The latest example is Viggo Mortenson, who told the Huffington Post that: “Fox News is appallingly shallow and manipulative.”  He must be watching a different network than the one I depend upon for factual reporting. Here are a few examples of reports on Obamacare from Fox. “California Cancer Patient is Losing Health Insurance” , featured on “The Kelly File” , one of the most informative news shows on the air for folks like me–those who want real news. Obamacare affects ordinary people.

    Fox does in depth reporting on facts, despite the foolish blindness of their detractors. Stories such as the following are important to ordinary Americans:   “Republican lawmakers say the “bombshell” findings by the nonpartisan Government Accountability Office (GAO) show the Obama administration misled the American public when it insisted abortions would not be paid for by federal funds under the health care law.” , and this: Obamacare exchanges limit access to top hospitals, medical centers” .

    The Obamacare debacle is one of the most important stories of Obama’s presidency, yet Fox News seems to be the only major network reporting stories about its affect on ordinary American citizens. It’s hurting many people. In addition to Obamacare, we ordinary taxpayers worry about Obama’s Foreign policy decisions, his use of the IRS to attack groups who don’t fall in line  with his ideology, and the many cover-ups associated with top administration officials.

    These issues are important to us. Americans are being forced to deal with higher prices from everything from healthcare to milk. We may have to choose between a movie ticket and milk. No offense Mr. Mortenson, but…you’re not that good. You’re no Clint Eastwood. You’re no Jon Voight. You’re No Robert DuVall. We don’t need you.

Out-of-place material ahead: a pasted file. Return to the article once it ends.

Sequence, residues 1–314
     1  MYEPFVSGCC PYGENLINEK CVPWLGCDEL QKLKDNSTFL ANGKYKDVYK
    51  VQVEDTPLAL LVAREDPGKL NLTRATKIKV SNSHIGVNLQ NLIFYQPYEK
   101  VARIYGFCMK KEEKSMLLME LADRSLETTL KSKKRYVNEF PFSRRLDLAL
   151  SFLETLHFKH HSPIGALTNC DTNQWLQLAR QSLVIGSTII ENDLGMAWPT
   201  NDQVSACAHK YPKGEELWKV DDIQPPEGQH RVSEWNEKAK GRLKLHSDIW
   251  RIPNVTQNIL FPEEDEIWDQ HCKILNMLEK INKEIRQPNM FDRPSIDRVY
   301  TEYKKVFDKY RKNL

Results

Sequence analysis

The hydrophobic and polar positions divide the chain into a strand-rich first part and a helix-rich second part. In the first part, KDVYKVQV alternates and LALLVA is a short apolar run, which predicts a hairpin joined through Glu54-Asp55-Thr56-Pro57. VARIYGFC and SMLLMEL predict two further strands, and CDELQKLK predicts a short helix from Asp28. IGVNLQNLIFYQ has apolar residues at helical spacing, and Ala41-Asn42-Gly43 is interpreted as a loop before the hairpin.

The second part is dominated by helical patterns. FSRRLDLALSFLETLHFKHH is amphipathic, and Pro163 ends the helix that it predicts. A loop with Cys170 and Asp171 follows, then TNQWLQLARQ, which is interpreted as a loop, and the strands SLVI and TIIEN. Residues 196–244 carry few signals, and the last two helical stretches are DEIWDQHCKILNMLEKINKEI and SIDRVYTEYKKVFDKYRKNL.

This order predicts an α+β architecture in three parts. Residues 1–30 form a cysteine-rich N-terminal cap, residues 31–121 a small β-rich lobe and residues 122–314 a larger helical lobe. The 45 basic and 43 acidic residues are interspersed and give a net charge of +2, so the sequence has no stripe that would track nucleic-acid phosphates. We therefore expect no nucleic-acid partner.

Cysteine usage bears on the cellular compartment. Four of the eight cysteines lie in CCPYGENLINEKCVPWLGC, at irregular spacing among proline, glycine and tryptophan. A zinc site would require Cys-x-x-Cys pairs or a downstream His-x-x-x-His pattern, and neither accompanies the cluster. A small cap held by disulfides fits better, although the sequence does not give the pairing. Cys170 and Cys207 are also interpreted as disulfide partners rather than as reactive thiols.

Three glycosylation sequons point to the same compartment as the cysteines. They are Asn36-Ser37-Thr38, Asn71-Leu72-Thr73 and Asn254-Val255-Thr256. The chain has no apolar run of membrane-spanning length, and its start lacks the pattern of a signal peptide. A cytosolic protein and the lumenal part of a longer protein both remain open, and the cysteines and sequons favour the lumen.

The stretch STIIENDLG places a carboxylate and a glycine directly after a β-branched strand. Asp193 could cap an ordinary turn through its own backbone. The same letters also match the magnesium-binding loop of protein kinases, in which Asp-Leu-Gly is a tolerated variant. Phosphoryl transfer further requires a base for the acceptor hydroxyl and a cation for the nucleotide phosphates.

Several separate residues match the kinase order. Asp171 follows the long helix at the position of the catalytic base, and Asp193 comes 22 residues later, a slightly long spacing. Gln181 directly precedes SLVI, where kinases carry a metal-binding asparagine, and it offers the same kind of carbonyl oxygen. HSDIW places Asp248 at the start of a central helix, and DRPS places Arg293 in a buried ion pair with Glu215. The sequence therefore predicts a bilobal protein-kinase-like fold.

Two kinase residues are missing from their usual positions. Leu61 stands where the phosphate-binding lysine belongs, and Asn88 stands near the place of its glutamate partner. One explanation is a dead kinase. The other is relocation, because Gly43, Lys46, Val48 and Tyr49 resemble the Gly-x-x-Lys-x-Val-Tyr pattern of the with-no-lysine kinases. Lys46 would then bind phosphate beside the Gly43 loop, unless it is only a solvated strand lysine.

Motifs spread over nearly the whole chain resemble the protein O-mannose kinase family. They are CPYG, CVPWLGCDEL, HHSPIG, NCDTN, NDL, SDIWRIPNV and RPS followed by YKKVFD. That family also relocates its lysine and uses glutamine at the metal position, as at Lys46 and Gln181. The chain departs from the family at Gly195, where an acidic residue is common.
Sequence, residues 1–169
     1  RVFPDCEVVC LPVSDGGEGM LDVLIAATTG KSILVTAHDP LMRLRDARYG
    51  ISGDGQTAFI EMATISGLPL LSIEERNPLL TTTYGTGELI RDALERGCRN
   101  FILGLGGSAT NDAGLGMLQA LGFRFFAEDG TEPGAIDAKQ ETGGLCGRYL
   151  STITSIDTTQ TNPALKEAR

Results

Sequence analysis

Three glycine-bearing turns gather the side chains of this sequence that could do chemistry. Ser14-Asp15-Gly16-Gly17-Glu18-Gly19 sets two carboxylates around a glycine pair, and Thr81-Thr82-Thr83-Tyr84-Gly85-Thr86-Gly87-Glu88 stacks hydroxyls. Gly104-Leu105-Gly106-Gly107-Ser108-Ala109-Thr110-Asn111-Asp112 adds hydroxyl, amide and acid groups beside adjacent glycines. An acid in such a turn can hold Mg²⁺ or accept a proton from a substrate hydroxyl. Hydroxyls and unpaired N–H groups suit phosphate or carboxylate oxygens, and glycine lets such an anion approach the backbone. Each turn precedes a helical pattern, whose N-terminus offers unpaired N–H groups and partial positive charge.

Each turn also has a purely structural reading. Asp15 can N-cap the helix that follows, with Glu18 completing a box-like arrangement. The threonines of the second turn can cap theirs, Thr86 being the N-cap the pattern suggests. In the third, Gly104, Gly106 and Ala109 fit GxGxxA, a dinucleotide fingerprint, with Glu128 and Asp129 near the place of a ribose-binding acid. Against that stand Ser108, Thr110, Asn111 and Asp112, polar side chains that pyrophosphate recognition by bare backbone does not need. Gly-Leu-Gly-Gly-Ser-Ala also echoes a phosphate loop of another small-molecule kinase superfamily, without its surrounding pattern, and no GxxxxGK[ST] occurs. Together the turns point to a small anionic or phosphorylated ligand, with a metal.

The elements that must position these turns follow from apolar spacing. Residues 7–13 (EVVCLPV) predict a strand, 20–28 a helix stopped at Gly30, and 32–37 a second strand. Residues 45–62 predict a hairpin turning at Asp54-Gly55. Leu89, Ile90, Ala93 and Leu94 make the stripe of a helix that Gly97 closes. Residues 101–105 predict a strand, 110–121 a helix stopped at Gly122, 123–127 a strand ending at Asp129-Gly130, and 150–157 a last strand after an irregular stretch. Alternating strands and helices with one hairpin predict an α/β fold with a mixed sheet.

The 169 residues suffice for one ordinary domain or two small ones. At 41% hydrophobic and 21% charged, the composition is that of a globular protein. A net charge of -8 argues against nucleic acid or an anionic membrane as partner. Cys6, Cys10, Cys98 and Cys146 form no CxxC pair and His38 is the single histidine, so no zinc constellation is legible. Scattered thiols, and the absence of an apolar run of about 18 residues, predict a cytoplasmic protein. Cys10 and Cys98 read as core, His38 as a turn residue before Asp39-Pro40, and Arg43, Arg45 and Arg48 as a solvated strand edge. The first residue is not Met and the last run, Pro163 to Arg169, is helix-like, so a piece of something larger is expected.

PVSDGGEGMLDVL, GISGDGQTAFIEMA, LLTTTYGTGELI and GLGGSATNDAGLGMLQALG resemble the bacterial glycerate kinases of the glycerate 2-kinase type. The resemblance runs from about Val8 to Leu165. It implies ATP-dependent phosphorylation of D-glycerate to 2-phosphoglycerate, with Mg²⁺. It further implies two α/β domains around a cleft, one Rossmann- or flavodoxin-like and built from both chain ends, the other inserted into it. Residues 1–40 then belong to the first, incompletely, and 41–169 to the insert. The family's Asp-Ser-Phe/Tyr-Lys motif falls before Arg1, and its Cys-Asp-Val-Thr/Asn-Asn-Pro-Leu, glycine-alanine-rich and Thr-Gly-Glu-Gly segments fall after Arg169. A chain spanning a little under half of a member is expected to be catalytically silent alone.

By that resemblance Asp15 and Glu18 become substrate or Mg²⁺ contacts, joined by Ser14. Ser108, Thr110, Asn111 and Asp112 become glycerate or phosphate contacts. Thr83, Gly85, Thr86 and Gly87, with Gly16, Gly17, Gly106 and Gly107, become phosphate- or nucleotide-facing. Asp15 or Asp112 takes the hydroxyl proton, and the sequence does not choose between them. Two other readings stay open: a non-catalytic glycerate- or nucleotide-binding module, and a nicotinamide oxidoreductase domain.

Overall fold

Imagine Aragorn, (Mortenson’s character in “The Lord Of The Rings), being on the side of the Orcs. That’s what reading such commentary from Mortenson is like for me, personally. It’s getting old. I won’t support his new movie. I won’t support any actor who disparages my family or myself.

    Here’s a scene from Mortenson’s first movie, (Witness, 1985). Witness is a terrific movie, shot in Lancaster County, Pennsylvania, an hour away from my home. Mortenson should remember where he got his start. Perhaps he should watch this film. His attitude seems to be similar to that of the Danny Glover character, or even those who attacked the Amish, not understanding, or even caring about their beliefs.

    Mortenson, like so many other celebrities, seems to be blind. If his upcoming film does poorly at the box office, he may or may not figure out why. If he’s smart, he’ll try to get inside the heads of real Americans. Otherwise, this line from The Lord Of The Rings might well become his reality with regard to his stardom, rather than fantasy…  “I can avoid being seen if I wish. But to disappear entirely, that is a rare gift.”

    Hollywood actors and actresses depend on We The People for their success. They’d do better if they remembered that fact.